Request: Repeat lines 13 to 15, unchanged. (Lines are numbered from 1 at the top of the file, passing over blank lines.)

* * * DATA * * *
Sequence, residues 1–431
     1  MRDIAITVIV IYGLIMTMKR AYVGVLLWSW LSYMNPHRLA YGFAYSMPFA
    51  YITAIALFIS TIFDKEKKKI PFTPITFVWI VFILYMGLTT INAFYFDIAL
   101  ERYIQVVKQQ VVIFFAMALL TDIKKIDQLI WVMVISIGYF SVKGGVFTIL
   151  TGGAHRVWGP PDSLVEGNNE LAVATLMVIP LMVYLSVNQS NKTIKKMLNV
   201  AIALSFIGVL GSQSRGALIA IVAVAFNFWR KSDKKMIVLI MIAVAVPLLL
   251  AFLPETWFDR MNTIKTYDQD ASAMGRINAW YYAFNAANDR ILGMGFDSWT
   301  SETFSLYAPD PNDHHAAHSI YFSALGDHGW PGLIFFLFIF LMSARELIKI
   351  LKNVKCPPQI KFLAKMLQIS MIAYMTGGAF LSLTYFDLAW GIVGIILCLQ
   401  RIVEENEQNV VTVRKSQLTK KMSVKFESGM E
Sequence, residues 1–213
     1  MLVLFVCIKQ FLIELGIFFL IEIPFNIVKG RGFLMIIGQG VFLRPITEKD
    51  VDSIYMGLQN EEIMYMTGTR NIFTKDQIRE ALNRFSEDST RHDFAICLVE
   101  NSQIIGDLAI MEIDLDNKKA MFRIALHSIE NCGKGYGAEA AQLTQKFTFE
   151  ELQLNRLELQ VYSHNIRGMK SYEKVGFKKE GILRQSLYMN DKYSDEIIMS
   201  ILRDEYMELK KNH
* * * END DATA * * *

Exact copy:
    51  VDSIYMGLQN EEIMYMTGTR NIFTKDQIRE ALNRFSEDST RHDFAICLVE
   101  NSQIIGDLAI MEIDLDNKKA MFRIALHSIE NCGKGYGAEA AQLTQKFTFE
   151  ELQLNRLELQ VYSHNIRGMK SYEKVGFKKE GILRQSLYMN DKYSDEIIMS